The integration of “thinking” and “doing” is at the heart of public history.
Established in 2000, the public history program at UNLV blends theory and practice in innovative and unconventional ways. From the seminar room to the field, we train graduate students to merge academic research and hands-on training; we integrate courses on digital history and cultural preservation with environmental topics and material culture studies; we collaborate with experts and organizations at UNLV, in the larger Las Vegas community, and beyond.
Our methodologically diverse research has resulted in award-winning oral history projects, museum exhibits, documentaries, 22 National Register nominations, National Landmark designations, Multiple Property Documents for Yosemite National Park, and digital history collaborations with the National Park Service (our Teaching with Historic Places initiative) and UNLV Special Collections (the Culinary Union collection.) All of these projects are the result of graduate seminars built around real world projects carried out with community or agency partners, who are collaborators in the seminar room and in the field.
While we emphasize practical experience, our program is intellectually rigorous, and students are expected to read, discuss, and produce academic scholarship. Public history students hail from diverse backgrounds — law, the social sciences, the performing arts, public health, education, business—but they share a common goal: to move beyond the confines of the traditional historical inquiry and application. Students learn to analyze and interpret history for the benefit of the very people who make it and live it.
UNLV is also home to the Southwest Oral History Association (SOHA) and public history graduate students are active participants in its administration. Preserve Nevada is run by graduate students (including a graduate Associate Director) and a statewide Board of Directors. The Pacific Coast Branch of the American Historical Association is housed in the UNLV Department of History. For over a century, the PCB-AHA has been a home to engaged historians working across the American West and offers innovative Graduate Assistantship opportunities and connections with the AHA on a variety of fronts.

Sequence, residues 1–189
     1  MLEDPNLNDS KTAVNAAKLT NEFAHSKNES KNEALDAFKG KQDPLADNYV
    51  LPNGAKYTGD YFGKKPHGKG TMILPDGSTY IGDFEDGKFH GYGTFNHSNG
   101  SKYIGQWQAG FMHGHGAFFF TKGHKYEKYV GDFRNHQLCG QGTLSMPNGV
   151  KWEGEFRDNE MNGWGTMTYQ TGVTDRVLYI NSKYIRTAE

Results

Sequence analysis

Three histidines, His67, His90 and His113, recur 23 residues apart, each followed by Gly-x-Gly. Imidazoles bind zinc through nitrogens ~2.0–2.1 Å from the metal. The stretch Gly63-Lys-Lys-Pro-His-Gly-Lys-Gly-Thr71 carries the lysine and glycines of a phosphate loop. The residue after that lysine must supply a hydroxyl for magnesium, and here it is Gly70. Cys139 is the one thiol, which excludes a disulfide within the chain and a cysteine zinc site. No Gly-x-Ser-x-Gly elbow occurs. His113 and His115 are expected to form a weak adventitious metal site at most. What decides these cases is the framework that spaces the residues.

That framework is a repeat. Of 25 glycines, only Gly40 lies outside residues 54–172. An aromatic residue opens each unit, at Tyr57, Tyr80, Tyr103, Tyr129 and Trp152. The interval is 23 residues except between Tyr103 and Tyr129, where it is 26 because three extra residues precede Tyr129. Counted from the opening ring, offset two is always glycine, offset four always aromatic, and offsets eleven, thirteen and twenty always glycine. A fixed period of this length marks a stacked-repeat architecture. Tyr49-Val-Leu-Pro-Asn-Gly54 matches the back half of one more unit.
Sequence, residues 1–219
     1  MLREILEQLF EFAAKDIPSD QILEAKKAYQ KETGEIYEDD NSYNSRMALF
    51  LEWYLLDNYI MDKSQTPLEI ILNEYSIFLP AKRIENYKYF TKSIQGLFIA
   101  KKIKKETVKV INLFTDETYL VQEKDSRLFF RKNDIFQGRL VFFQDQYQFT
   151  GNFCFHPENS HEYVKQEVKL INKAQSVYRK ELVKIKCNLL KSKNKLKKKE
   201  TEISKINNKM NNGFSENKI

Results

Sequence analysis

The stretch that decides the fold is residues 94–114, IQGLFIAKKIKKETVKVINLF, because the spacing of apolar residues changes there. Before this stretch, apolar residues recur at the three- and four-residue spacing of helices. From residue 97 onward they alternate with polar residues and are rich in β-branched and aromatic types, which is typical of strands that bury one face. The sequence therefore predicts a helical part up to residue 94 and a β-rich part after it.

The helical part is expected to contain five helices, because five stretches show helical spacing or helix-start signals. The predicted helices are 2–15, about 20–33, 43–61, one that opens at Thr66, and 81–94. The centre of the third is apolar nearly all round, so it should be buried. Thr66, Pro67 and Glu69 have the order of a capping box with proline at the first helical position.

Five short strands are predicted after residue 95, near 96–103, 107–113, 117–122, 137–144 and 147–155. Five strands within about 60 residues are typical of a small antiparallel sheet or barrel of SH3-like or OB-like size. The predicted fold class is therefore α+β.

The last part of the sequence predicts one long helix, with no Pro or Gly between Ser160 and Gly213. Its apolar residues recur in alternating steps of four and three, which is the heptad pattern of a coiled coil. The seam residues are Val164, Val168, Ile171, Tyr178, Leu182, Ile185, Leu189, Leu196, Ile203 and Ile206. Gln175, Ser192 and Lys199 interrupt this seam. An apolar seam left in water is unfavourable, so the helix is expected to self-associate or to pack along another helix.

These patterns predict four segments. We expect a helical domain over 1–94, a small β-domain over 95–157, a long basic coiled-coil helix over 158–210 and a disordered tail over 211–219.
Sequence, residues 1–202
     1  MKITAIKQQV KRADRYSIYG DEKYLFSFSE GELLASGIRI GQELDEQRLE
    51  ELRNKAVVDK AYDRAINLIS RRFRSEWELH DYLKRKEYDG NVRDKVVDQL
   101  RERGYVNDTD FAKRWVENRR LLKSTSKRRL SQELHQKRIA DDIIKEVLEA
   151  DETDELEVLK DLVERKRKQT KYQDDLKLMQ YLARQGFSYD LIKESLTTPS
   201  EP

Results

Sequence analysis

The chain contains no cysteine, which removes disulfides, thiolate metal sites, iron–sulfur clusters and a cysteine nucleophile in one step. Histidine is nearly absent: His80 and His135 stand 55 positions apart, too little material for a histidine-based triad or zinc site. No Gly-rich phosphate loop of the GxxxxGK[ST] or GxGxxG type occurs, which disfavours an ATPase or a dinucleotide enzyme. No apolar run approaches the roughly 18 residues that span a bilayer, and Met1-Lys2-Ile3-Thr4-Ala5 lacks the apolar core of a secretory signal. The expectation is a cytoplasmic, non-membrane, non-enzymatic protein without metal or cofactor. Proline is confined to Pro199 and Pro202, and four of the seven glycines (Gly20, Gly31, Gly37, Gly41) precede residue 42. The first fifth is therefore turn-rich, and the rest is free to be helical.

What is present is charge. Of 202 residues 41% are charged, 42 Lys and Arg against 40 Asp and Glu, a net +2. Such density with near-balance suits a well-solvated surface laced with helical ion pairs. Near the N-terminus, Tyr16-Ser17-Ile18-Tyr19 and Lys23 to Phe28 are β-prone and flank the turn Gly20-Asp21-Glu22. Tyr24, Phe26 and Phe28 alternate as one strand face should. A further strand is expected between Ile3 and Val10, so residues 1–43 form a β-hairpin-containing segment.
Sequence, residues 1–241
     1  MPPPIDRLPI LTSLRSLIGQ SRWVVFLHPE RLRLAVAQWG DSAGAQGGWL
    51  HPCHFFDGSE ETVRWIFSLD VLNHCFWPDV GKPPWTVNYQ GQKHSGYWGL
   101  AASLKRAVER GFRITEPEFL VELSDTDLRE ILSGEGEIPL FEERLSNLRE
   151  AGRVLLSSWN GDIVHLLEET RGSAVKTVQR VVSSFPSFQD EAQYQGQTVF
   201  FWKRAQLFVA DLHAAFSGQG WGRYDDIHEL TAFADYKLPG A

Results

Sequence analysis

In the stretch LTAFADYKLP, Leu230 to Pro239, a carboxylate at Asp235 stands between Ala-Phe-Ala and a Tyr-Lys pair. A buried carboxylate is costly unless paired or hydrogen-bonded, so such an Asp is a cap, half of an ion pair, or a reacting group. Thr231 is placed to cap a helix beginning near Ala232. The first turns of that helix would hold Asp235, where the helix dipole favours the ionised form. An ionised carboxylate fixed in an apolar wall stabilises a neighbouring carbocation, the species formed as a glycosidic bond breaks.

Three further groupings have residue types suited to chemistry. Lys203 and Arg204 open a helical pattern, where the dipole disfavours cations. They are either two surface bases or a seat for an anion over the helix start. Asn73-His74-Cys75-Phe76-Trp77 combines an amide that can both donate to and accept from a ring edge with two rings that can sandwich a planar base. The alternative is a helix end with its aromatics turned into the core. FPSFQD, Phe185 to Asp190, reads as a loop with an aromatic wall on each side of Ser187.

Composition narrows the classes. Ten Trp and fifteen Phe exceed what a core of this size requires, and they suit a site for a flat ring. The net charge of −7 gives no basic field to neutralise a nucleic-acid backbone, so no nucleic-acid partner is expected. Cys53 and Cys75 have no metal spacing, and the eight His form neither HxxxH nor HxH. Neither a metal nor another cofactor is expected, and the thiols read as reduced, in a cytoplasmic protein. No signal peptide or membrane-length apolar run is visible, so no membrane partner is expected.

Hate it or love it, Las Vegas is one of the best-known cities on Earth. Americans and legions of international visitors understand the culture of Las Vegas as one of indulgence rather than restraint. Still, most do recognize Las Vegas as a place that has somehow endured. Some might even know that it is a place with an interesting and complicated history driven by many of the most important issues of our time: immigration; labor; race and equality; water, energy, and resource extraction; and the creation of community in a fast-changing multicultural world. Sustainability in all its meanings are imperatives for this city located deep in the quintessential North American desert. The actual history of this place—as opposed to the powerful myth of its creation—complicates widespread assumptions about Vegas as an ill-conceived and obviously unsustainable place fundamentally different from other twentieth-century cities.
In the American southwest tying rapidly evolving understandings of environmental sustainability into public history education and linking efforts in historic preservation to environmental research has an intuitive logic. Our crazy town is an excellent place to study twentieth-century history and evolving understandings of sustainability, and Las Vegas is a wonderful laboratory for students who work at the intersections of western, environmental, and public history.